AEMO has released the 2016 National Gas Forecasting Report
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December 08, 2016 - 6:00 AM
The Australian Energy Market Operator’s (AEMO) third annual National Gas Forecasting Report (NGFR) released today highlights some of the uncertainties and challenges complicating gas demand forecasts for eastern and south-eastern Australia’s interconnected gas markets over the next 20 years.
The 2016 NGFR provides insights into the increasingly complex interdependencies between the gas and electricity sectors and the relationship between Australia’s energy demand and growing links to the international gas sector.
The gas forecasts continue to be dominated by gas demand to supply liquefied natural gas (LNG) exports, with Australia (including east and west coast LNG) projected to become the world’s second largest LNG exporter by 2018, and the major LNG supplier for East Asian markets.
AEMO Chief Operating Officer Mike Cleary cautioned that these projections identify a range of major uncertainties facing the industry.
“With this outlook comes great challenges for policy-makers, infrastructure planners, and asset operators. As we continue to highlight in each of our forecasting and planning reports, the energy industry, the economy, and the consumer is transforming rapidly, requiring a re-thinking of the energy system and new solutions to manage the transition to new energy sources and technology.
“The domestic gas sector in eastern and south-eastern Australia is now linked to a more volatile world market for gas through our LNG export industry, and small supply chain disruptions can have large domestic impacts,” said Mr Cleary.
Mr Cleary said that gas-powered generation (GPG) is expected to play an important role in the transition to a low-carbon future.
“It is anticipated that gas will play a key role in the transition to a low-emission future, however the size of this role will depend on the pathway that the Australian energy industry takes. GPG’s role will be important in balancing the gap between retirement of coal powered generation and the implementation of new intermittent renewable energy sources in the absence of alternatives such as large-scale storage and demand management.
“In the short term, projected GPG growth is forecast to stretch available domestic conventional gas supply, with the greatest gas supply challenge forecast to occur between 2018 and 2024.
“In this scenario, as new gas is sourced from higher-cost fields, combined with the effect of less domestic supply relative to demand, gas commodity prices are expected to rise. While the projected impact on the retail price paid by households and businesses will not reflect this high increase, modelling indicates the price impact to consumers could contribute to a reduction in domestic gas use,” said Mr Cleary.
Mr Cleary emphasised the importance of a coordinated approach to forecasting the complex dynamics shaping Australia’s energy future.
“With the projections for gas consumption showing a number of potential investments having an increased risk of being stranded if weaker economic assumptions were to occur, now more than ever planning solutions will need to prioritise flexibility, innovation and options to defer investment until some uncertainty is resolved.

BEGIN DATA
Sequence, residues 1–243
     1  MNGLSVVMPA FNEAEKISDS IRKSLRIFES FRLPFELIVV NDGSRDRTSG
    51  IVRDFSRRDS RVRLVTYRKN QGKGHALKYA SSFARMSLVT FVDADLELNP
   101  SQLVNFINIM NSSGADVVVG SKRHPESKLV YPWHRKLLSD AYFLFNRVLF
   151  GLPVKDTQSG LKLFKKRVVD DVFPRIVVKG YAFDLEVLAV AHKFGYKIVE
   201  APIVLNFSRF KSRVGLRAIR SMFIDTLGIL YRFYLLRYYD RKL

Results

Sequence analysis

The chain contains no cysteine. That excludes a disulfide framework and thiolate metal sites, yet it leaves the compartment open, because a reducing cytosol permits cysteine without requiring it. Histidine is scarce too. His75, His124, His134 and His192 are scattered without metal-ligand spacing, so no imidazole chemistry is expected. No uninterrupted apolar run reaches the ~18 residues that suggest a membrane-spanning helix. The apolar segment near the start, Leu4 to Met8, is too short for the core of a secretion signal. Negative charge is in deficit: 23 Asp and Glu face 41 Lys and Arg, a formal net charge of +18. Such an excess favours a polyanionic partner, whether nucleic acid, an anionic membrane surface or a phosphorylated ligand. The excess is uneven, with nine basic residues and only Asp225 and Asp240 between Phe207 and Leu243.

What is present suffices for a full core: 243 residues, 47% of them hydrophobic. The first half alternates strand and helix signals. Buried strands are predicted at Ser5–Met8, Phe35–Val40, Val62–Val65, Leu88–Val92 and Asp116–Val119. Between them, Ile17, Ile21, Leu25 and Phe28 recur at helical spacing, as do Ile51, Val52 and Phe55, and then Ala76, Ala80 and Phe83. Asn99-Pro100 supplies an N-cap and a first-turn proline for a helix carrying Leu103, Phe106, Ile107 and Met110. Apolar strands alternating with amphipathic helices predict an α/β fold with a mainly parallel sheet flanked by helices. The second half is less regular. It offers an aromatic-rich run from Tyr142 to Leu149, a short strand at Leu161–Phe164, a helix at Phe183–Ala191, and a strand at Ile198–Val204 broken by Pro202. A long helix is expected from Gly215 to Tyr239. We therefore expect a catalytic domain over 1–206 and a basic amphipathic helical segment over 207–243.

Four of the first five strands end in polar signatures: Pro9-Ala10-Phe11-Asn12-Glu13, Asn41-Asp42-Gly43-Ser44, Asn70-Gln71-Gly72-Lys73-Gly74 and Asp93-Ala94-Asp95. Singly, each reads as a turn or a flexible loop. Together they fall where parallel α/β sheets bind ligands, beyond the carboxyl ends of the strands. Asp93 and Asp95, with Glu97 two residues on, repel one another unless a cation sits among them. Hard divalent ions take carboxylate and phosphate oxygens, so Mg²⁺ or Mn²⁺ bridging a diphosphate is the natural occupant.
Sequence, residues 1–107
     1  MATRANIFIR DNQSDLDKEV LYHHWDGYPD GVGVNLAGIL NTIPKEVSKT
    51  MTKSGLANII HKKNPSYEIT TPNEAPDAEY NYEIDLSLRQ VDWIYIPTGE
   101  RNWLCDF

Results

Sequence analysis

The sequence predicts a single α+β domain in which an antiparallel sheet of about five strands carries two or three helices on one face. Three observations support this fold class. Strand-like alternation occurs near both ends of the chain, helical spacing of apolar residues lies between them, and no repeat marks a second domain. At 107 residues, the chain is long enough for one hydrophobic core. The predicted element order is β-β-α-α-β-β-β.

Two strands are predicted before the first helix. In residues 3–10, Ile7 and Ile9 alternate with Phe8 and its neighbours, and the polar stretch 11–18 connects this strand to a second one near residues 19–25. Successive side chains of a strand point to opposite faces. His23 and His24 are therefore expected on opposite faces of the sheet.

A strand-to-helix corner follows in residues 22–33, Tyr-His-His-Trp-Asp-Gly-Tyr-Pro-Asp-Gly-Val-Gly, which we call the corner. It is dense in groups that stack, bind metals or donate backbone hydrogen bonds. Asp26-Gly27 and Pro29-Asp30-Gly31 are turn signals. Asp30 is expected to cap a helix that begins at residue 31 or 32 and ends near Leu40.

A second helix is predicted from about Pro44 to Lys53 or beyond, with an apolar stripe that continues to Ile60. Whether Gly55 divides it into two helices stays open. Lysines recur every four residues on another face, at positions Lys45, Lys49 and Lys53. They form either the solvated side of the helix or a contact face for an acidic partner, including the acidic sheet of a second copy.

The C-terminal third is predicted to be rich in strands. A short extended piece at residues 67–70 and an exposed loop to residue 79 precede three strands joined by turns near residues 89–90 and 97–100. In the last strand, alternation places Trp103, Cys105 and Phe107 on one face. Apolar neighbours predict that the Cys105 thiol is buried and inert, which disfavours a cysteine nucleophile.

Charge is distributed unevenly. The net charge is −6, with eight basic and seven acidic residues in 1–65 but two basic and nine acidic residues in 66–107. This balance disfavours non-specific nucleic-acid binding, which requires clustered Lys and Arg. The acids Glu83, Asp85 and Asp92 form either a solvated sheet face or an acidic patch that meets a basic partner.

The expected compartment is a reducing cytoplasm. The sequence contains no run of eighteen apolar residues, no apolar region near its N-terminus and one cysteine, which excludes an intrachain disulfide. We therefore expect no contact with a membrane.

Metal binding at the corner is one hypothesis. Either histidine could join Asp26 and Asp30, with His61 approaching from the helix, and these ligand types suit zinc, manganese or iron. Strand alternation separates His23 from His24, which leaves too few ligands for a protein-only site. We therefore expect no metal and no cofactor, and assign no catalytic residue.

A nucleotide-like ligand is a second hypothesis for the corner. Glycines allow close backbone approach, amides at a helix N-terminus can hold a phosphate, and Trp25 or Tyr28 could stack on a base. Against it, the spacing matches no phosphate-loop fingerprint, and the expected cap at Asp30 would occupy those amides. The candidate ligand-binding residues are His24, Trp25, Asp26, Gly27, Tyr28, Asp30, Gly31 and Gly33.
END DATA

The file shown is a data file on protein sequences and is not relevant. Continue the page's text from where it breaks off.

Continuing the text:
“A coordinated forecasting approach is imperative given the range of possible pathways to Australia’s energy future,” said Mr Cleary. “Through our energy forecasting and planning reports, AEMO is focused on providing industry with an independent, strategic and holistic view of the interdependencies driving Australia’s energy future. Our reports map out the increasingly complex dynamics between gas, electricity, and emissions policy objectives.”
AEMO continues to liaise with gas industry participants and monitor key uncertainties facing the sector, and will provide updates if there are material changes to market conditions.
Figure 1 shows actual consumption since 2011 and forecast consumption to 2036. It highlights the short-term transformation of the market during the ramp-up of the LNG facilities, together with the recovery of GPG from the 2020s. It also illustrates a slight decline in both Residential and Commercial, and Industrial consumption over the 20-year outlook.
Figure 1 Total annual gas consumption by sector, 2016 to 2036 (Neutral economic scenario)
About the 2016 National Gas Forecasting Report
The NGFR provides forecasts of annual gas consumption and maximum gas demand across eastern and south-eastern Australia’s interconnected gas markets over a 20-year outlook period. The forecasting scenario, developed with industry, represents the most probable pathway for Australia, with Neutral (most likely), Weak and Strong economic scenarios
2016 NGFR: A SNAPSHOT OF GAS CONSUMPTION OVER THE NEXT 20 YEARS (NEUTRAL CASE)
- Total gas consumption is forecast to rise, driven by LNG exports and growth in GPG.
- Domestic gas use (excluding GPG) is projected to decline, with growth from a rising population offset by a gas to electric appliance switching trend, and declines in gas-intensive industry.
- GPG is forecast to increase as gas is used as a transition fuel to a low-emission power system.
- LNG is forecast to continue ramping up as Coal Seam Gas (CSG) projects commence deliveries of gas for export.
- 2016 National Gas Forecasting Report infographic
- 2016 National Gas Forecasting Report data only
- 2016 National Gas Forecasting Report full report
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